Finally, can we find a cure for cancer?
Let us re-phrase that question: Can we find a cure for the two thirds of cancer that are not cured at present? Remember, one third of cancers are cured. Most patients who have their cancer diagnosed early in stage I (confined to the organ of origin) or stage II (only the first station of nodes are involved) are cured by existing modalities and technologies. We are talking here of 70 to 90 per cent cure rates. What about the rest, i.e. the two thirds of cancer patients who are not cured? Researchers now know a lot about the genetic basis of cancer and consequently the chemical messages cancer cells send to other cells. In the future, instead of telling someone 'You have liver cancer', we may say to that person 'Your cancer has a defect in the ras (an oncogene) pathway so you need compounds that are effective for this pathway.' The other theme is (molecularly) targeted therapy. We already have drugs in Malaysia that specifically target receptors (mainly growth factor receptors) found on cancer cell surfaces. These drugs are effective and have few side effects. Only a few patients in a few clinical scenarios are suitable candidates for such therapies. However, the future is bright and many more such therapies are in the pipeline. The wisest approach to the cancer problem is prevention, early diagnosis, appropriate therapy and palliative care. So much is available and so much more is expected in the coming decades.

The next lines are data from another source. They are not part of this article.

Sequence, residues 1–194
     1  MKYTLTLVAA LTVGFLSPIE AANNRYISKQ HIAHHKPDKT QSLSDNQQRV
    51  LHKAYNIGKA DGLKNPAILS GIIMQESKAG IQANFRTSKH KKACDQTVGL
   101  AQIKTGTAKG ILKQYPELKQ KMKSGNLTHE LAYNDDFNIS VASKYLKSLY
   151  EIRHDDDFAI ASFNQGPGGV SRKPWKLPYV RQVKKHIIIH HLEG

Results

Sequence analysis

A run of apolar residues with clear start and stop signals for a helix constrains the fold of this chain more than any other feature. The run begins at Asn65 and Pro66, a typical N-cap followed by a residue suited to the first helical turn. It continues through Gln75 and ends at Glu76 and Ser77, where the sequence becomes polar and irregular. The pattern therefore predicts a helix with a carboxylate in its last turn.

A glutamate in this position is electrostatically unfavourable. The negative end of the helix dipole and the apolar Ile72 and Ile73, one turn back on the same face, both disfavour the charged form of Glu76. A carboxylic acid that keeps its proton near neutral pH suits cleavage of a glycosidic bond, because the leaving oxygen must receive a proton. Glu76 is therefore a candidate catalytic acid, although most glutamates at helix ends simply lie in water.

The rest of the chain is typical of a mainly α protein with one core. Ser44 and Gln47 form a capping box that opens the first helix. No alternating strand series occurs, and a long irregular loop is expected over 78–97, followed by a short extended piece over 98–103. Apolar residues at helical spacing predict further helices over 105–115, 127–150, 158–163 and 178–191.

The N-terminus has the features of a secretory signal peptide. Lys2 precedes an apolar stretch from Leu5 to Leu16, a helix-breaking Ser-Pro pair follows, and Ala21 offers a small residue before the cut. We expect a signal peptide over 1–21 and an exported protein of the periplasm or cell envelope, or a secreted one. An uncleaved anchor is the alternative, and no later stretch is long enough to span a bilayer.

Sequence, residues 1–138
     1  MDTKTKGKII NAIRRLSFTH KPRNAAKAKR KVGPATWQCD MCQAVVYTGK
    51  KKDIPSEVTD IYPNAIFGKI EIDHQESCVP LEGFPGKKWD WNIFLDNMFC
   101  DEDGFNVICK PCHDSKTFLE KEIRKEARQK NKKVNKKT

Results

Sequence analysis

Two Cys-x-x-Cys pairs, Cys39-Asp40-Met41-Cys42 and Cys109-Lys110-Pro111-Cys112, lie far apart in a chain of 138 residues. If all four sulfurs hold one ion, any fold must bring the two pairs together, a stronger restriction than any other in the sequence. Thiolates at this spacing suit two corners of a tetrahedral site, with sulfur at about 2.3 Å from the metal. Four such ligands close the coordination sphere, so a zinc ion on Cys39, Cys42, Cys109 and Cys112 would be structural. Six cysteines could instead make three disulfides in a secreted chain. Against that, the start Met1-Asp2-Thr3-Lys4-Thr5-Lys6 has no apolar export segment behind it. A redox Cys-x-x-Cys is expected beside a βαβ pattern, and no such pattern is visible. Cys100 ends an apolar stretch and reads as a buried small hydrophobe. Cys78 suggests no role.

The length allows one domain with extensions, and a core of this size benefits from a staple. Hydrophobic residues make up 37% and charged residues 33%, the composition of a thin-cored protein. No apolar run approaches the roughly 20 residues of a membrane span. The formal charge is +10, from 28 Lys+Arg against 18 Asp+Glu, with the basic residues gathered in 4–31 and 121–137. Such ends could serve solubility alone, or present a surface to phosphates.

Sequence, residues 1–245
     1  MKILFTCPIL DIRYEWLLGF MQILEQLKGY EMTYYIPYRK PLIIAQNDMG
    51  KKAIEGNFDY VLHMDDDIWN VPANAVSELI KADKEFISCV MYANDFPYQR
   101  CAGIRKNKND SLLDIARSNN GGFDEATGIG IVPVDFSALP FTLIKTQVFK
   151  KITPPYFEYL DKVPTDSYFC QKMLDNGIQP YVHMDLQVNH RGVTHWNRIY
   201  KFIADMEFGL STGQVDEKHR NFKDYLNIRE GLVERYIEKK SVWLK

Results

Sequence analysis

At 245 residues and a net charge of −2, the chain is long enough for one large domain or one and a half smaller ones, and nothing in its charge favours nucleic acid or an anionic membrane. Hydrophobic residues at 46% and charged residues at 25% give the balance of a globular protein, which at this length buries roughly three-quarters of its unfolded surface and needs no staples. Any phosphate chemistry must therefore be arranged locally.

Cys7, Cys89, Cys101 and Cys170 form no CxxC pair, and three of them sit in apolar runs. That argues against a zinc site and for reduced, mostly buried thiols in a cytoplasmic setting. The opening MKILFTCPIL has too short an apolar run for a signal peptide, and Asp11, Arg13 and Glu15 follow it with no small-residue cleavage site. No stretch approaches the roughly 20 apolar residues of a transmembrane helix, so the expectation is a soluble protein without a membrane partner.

CHINESE VERSION AVAILABLE. Please download here...
 

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  By Dr Albert Lim  


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HOPE handbook A Resource Guidebook for Newly Diagnosed Cancer Patients
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HOPE handbook 2 A Guide for Cancer Caregivers
» HOPE Handbook 2